On the off chance that some shred of the "criminal justice" system in South Dakota operates as it was intended, Janklow will use his empire to have the charges reduced from the obvious criminal charge of manslaughter to something civil. Perhaps he'll arrange to be charged with violating Scott's civil rights, at most. He'll be fined a paltry sum or settle out of court, and be back on the job without ever actually appearing in court.
The one thing that Janklow will never allow to happen is the one thing that would happen to any other South Dakotan: be sent to prison, probably for the remainder of his life.
You see, if Janklow steps into any of South Dakota's prisons, he'll be confronted with individuals that his immoral laws and political empire put there. Some of them will wish to exact revenge. Janklow's life expectancy in a South Dakota prison could be measured in days. Perhaps hours.
In a free society in which individuals self-govern guided by the Zero Aggression Principle, the responsibility of a force initiator like Janklow is purely moral: he must provide restitution to his victim, to the best of his ability. In a free society, Janklow and the Scott's survivors would contract with an adjudicator. He would hear the facts and negotiate some form of restitution, which would probably entail financial support consistent with what Scott would have provided for the remainder of his life, plus restitution for the emotional suffering caused by the removal of Scott from their lives forever.
In all likelihood, Scott would never have been involved in the accident.Janklow has a long history of force initiation. In a free society in which Janklow's victims were capable of defending themselves against such predators, Janklow would no doubt have been appropriately dealt with by one of his intended victims decades ago.
Regardless, in a free society, Janklow need not worry about being raped and killed in prison. A free society is disinterested in exacting revenge or punishing force initiators. Rather, a free society exacts restitution to return a victim to the state he was in prior to the initiation of force.
Should Janklow fail to attempt to provide restitution to his victim, a free society would employ a form of "excommunication." Bereft of immoral laws that require individuals to associate with one another, laws that manufacture crimes in which there are no victims, and crimes designed simply to regulate behavior, the number of force initiators becomes a very small group. The overwhelming majority are individuals who have initiated force by accident or, like Janklow, through negligence. Intentional force initiators will be a dying breed -- literally. As Robert A. Heinlein noted, an armed society is a polite society: without immoral laws that disarm the average individual (gun control laws), most sociopaths will find honest work rather than risk death. Those few who can't control their impulses will eventually be killed by an intended victim.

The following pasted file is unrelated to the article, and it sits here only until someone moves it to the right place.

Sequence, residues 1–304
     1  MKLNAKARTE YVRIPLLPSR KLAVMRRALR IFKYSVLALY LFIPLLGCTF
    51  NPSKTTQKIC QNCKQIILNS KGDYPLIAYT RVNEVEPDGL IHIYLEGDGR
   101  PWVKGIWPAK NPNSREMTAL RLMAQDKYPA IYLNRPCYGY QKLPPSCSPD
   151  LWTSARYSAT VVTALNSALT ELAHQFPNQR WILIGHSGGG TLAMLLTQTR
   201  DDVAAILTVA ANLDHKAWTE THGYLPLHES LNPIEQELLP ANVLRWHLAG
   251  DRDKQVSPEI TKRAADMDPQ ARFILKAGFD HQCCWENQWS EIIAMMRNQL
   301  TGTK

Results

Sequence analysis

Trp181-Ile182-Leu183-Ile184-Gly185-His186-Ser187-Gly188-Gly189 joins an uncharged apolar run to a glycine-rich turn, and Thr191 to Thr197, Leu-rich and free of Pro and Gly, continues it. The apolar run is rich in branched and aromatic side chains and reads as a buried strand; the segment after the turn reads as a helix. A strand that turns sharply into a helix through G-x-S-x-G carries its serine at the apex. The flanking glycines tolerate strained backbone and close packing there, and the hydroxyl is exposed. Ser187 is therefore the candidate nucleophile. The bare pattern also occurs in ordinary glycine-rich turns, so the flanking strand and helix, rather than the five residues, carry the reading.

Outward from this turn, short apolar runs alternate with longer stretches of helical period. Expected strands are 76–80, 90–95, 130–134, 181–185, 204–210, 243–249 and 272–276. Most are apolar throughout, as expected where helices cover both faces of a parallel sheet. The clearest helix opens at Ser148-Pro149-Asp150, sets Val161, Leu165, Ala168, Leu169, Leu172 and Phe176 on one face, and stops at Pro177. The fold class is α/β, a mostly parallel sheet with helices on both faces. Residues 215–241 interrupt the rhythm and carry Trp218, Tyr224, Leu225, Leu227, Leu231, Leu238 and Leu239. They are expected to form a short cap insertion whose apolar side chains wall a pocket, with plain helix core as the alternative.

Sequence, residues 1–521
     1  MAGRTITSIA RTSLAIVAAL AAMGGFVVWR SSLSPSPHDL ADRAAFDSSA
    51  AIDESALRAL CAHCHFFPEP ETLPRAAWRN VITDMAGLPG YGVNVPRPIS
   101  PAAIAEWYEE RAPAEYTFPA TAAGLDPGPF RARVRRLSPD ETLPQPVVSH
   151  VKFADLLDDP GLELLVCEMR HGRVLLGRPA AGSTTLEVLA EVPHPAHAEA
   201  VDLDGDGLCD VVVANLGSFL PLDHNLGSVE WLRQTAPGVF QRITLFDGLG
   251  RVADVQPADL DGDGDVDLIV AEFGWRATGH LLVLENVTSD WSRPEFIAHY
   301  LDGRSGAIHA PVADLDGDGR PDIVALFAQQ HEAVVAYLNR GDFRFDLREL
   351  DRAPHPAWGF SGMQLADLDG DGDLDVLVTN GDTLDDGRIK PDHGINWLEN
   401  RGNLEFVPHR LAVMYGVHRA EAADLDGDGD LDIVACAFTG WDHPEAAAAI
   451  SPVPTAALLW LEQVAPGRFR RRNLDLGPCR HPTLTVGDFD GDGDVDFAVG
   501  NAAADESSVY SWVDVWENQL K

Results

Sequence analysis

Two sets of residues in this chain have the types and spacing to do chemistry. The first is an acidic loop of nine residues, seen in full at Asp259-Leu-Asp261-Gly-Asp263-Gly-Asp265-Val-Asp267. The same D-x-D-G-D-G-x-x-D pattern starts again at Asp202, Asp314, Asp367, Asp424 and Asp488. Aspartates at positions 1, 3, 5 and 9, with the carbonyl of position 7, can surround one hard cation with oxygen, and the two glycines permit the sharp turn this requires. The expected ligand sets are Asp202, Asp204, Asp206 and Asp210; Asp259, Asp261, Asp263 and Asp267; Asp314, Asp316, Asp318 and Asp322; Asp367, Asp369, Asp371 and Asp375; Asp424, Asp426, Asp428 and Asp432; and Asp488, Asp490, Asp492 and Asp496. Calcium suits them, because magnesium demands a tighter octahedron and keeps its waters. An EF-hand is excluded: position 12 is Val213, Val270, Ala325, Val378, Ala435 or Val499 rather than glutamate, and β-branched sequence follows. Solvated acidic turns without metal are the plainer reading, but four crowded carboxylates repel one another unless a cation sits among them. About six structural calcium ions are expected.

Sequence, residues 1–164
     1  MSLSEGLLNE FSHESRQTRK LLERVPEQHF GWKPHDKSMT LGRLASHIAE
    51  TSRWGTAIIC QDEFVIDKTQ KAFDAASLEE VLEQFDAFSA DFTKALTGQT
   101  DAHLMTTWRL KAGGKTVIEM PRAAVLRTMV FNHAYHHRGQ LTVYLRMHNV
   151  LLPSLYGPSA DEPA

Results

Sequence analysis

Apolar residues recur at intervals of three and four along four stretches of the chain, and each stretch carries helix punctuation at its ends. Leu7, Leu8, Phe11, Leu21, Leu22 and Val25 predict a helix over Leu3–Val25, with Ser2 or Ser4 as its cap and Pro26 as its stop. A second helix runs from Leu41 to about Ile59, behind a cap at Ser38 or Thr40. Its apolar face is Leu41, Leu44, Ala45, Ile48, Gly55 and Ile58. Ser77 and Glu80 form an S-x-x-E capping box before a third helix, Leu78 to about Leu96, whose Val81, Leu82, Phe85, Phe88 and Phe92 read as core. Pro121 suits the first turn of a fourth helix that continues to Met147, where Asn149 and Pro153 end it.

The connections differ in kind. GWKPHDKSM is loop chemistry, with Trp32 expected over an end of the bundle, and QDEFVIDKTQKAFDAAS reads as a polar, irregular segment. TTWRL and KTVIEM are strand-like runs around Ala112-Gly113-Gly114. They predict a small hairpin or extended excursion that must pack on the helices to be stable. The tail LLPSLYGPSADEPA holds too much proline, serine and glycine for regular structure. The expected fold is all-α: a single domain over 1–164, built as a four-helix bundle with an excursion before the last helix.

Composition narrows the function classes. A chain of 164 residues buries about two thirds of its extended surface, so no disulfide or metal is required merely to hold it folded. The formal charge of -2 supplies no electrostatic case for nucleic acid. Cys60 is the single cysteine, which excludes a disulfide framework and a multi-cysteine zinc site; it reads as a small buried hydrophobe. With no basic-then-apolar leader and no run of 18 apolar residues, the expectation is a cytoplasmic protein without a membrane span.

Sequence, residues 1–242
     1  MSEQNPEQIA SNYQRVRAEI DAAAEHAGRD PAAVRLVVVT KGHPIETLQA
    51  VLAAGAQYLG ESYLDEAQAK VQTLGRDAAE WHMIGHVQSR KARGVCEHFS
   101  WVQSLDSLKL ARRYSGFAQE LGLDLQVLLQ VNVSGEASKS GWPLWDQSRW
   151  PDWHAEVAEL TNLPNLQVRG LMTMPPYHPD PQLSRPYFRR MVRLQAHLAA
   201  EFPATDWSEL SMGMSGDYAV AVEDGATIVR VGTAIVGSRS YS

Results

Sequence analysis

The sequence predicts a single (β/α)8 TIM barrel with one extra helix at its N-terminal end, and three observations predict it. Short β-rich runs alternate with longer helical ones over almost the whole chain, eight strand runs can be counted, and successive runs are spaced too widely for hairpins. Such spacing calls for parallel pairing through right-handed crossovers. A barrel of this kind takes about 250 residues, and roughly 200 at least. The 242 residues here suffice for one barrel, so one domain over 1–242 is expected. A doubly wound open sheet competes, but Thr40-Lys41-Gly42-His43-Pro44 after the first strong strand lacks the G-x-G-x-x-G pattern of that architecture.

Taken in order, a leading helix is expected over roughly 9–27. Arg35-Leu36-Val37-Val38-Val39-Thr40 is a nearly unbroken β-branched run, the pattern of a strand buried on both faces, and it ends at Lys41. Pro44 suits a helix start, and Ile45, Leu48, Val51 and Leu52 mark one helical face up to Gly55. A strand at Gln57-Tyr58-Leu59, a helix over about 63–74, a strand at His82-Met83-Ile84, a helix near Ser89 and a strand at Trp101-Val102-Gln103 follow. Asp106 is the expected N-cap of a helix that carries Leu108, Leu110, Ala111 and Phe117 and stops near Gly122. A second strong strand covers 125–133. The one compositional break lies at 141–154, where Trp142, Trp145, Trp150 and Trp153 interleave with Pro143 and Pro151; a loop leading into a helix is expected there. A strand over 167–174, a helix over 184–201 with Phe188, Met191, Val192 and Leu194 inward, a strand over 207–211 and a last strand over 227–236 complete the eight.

Largely free of crime, the 24x7 news channels of a free society will resort to publicizing events as trivial as check-bouncing. Assuming Janklow failed to provide restitution, in short order his picture and story would be plastered all over the news and Internet. Talking heads will discuss his likely fate and what a disgusting excuse for a human being he is.
About the point at which Janklow reached the notoriety of Jean-Benet Ramsey, he would find it impossible to trade for even the basic necessities of life. He'd be reduced to living out of garbage cans and sleeping under overpasses, providing a concrete example of why initiating force is a very bad idea.
In short order, he'd either provide restitution or die.
That's what would happen in a free society in which individuals self-govern guided by the Zero Aggression Principle. Unfortunately, we live in a police state in which government rules with raw, naked force, and Bill Janklow has amassed a political empire that allows him to manipulate that force to his own benefit.